which clustered a number of farms
It was used by tbe Dutchmen to keep
tbe French who lived across the border from coming over to possess
themselves of tbe produce, consisting
of butter, eggs, vegetables and especially tbe cheese, for which the Netherlands bave always ,been famous.
There was no regular military garrison, tbe fort being manned ln case of
necessity by the Dutch farmers. Those
were more troublous times thau these,
and there was more fighting In a small
way; therefore more lawlessness was
to be expected near the border, where
frequent incursions were made.
The cause of this particular stronghold becoming noted was not oue of
butter and eggs and cheese. At least
these were not the bene of contention.
A Dutch maiden had been surreptitiously wooed and won by a young
Frenchman, nnd he had cnrrled her
within the Hues of France, hnd married her nnd established her ns the female bead of his farm.
The Dutchmen regarded this ns by
far the greatest robbery their neigh
bors could inflict U|ion them. They
would much rather hnve lost a hundred of their best*eheeses than this
fair daughter with ber blue eyes and
flaxen braids. Sbe bnd hod many
lovers among the young Dutchmen,
nnd they, formerly rivals, now became
united in a common cause. One nlgbt
a dosen^of these disappointed wooers
made a raid across tbe border, took
the young wife prisoner and carried
Iter Into their own country.
When the Frenchmen heard of the
outrage they gathered In groups, talking nnd gesticulating till they worked
themselves into a warlike condition.
The Dutchmen, bearing what they
were doing and Inferring that they
would likely attempt to repossess the
woman, shut her up In the fort and
prepared to hold her ngalnst all comers. It did not matter to them that
she wished to .-turn to her husband.
Sbe had not been applied for ln a proper way, her parents had not been consulted, and even If all the forms usual
on such occasions bad been observed
she would not have been given up to
the hated French beyond the border.
In due time news came that a rescue party was being formed, and the
Dutchmen began to make preparations
to meet lt. The fort was stocked with
provisions, and arms and ammunition
nnd a regular garrison were put In.
Tbe object of contention being ln the
fort, the French marched straight
against It, and since they bad no means
of taking lt by assault they formed a
cordon about it for the purpose of besieging It by starvation.
Meanwhile the Dutch farmers wbo
were not engaged in the quarrel continued to make cheeses a id do their
other-accustomed work. They were
shut off from the fort, and tbe fort was
shut off from them. The garrison, having a goodly store of provisions'for
their maintenance, laughed at the
Frenchmen wbo were besieging them.
"Come on with your picks and your
staffs and your scythes," they shouted
In Dutch, "and take the fort if you
can!" But tbe Frenchmen didn't understand u word that wus said. They
simply sat around and smoked and
drunk wine nnd played games, waiting
for the besieged to eat up all their
A long while passed, but the Dutchmen showed no sign of surrender.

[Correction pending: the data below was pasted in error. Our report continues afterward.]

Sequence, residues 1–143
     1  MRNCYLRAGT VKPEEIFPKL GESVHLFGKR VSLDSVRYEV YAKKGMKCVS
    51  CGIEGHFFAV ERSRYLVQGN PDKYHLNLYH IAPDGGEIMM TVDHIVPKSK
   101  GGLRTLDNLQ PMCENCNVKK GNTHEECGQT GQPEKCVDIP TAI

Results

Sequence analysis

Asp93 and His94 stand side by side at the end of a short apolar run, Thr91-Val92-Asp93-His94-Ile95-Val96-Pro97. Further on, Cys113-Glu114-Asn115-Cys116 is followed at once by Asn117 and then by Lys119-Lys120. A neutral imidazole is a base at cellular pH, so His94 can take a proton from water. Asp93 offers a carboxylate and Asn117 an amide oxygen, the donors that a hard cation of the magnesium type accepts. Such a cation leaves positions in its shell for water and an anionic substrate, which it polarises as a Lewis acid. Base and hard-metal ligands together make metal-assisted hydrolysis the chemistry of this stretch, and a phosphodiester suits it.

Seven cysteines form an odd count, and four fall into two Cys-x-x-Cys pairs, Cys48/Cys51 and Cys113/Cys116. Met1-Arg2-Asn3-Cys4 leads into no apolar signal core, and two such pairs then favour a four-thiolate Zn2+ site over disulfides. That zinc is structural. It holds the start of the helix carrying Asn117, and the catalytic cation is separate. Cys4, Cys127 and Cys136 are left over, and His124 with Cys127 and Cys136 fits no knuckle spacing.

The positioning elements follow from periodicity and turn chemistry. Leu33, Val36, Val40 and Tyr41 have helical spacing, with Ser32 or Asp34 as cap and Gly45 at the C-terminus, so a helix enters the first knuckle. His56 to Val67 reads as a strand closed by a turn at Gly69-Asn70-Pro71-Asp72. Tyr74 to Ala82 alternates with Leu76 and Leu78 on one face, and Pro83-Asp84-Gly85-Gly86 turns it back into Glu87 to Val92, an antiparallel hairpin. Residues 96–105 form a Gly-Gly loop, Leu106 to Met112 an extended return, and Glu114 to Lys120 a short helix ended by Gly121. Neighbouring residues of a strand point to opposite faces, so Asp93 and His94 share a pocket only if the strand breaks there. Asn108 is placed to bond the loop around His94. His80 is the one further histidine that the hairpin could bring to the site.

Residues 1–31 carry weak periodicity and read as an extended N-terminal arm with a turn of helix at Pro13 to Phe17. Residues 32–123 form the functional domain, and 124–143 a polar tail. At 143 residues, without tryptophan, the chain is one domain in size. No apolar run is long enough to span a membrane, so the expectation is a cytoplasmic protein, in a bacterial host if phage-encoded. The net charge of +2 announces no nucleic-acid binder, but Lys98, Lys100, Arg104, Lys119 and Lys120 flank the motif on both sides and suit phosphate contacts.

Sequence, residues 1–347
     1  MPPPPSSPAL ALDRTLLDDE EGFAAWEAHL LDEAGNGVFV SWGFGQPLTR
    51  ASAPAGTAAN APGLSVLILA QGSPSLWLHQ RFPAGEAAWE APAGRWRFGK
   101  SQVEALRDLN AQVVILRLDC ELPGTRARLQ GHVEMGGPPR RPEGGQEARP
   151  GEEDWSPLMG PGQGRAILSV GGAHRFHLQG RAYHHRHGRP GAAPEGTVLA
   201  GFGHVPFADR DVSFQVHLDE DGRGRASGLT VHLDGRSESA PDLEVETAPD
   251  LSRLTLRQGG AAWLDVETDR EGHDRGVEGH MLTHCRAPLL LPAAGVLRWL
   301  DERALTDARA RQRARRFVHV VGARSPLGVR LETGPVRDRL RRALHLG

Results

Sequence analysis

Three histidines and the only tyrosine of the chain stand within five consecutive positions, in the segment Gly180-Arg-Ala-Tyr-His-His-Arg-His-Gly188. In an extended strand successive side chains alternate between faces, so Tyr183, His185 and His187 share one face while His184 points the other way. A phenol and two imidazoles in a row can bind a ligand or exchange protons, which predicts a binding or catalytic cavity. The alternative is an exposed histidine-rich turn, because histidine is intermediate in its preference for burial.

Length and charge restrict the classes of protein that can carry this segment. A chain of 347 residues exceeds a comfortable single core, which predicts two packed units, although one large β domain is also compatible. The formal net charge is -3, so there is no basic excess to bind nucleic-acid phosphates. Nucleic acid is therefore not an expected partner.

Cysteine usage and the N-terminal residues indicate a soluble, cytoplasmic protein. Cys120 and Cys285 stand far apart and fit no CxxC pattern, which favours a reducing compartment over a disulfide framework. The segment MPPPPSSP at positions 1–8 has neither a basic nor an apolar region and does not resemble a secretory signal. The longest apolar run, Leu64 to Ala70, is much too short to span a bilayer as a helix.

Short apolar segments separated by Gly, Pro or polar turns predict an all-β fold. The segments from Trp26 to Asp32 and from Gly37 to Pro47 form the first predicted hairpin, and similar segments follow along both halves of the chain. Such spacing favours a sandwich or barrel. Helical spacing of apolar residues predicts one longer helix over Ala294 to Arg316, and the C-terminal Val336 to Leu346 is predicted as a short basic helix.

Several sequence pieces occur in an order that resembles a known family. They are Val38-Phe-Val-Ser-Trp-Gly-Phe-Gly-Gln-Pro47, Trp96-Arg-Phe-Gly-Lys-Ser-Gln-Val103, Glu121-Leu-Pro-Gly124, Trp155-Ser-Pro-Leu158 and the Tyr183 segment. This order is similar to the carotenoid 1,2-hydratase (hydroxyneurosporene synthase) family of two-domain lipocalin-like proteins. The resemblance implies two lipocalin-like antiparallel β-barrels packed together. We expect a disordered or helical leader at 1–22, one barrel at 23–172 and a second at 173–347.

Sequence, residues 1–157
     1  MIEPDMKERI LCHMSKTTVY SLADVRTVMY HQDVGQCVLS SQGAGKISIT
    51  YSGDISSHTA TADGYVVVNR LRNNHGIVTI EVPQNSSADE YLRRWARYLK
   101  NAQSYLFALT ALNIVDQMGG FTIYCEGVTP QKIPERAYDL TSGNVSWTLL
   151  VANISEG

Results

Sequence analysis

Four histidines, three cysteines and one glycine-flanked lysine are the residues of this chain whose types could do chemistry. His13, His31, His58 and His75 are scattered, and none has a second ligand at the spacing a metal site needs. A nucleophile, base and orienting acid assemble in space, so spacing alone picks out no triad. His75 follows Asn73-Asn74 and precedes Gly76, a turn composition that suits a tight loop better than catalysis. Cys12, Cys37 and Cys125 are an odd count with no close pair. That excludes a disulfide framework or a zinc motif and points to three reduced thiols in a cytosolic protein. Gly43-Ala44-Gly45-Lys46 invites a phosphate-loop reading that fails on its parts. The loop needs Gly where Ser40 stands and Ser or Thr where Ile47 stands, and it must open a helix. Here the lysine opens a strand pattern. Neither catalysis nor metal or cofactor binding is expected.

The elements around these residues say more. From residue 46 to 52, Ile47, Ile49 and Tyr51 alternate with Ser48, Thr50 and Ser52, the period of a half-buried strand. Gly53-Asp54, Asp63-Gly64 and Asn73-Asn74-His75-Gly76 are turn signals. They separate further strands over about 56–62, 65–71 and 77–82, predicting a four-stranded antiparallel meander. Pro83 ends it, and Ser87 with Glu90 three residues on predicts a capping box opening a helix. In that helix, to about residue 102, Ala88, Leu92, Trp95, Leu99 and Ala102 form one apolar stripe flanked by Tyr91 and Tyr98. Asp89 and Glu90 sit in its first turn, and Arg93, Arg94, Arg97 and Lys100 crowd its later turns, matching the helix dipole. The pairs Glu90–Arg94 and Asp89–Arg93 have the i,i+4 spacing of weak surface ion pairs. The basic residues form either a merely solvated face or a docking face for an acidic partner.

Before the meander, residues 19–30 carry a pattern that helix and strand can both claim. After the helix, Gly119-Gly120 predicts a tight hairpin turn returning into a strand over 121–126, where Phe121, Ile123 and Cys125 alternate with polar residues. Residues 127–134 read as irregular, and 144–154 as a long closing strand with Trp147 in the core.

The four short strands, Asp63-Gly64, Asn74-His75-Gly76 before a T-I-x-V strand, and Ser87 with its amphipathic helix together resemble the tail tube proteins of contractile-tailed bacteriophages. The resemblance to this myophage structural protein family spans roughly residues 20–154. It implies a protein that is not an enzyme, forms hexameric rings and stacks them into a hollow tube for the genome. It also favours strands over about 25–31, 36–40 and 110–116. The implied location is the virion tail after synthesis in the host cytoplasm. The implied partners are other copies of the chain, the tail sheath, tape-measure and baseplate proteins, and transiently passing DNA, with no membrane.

Tbe Frenchmen knew thnt by this
time, though tbey might still have food,
lt must lib stnle. But since they would
not give up the light, their position
must be taken by stratagem. After
much chattering and gesticulating the
Frenchmen tit Inst bit upon 11 plan
which they proposed to put Into execution, but they preferred to wait a little longer till their enemies hud acquired n special relish for fresh eatables through a prolonged course of
One morning when the Dutchmen
awoke and were preparing their breakfast of stale victuals they benrd n clutter of tongues and, looking over the
ramparts, saw a number of wo mon
coming with baskets on their arms.
They were loo fnr off for the Dutchmen
to henr what they snld or In what
language tbey spoke. When they cnine
near the fort its commander hailed
them nnd nsked them where they were
going. One of the women replied thnt
they were tnklng butter nnd eggs nnd
vegetables to the market to'sell. Wben
they came directly beneath the fort
they displayed their produce to the
hungry Dutchmen, who suld they
would gladly take their whole supply,
but they must act quickly, for If the
French enemies saw them they would
prevent tbe snle.
So the women were Introduced luto
the fort, nnd the Dutchmen started to
Ihat the gates, but the women pulled
wenpons from under their skirts nnd
drove them back. As soon ns the flght
commenced the Frenchmen, who were
hidden behind .1 barn near by, rushed
out. effected nn entrance Into the fort
and captured It
Thus as a nollow horse filled with
armed men wns Introduced Into Troy
so did n nnraher of Frenchmen disguised as women enter the Dutchmen's
fort. Helen was restored to her husband, and together they began to raise
children and country produce, producing an abundant supply of both every
Strawberry Festival,  . Progress Club.
Hay Crop, Poultry Industry and
Some Real Estate Activity.
STEVESTOiN, B.C., June 22.���A
strawberry festival was held on Friday evening in the Orange Hall under
the auspices of the Orange Lodge and
there was a large attendance.
In connection with St. Ann's Episcopal Church a well patronized concert was held at the Opera House.
Songs were rendered by Miss Violet
Sortwell, Miss Lena Wescott and Mr.
Atkins, while Mrs. J- J. Wilson accompanied on the piano.
A general meeting of the Richmond
Progressive Aasolcatlon will be held
at Steveston on Monday evening,
June 21. Among the matters to be
discussed will be the appointment of
a committee to co-operate with the
council for the bettering of car service and rates of fare to Vancouver,
New Westminster and other points.
The question also of a new through
trunk road connecting with Granville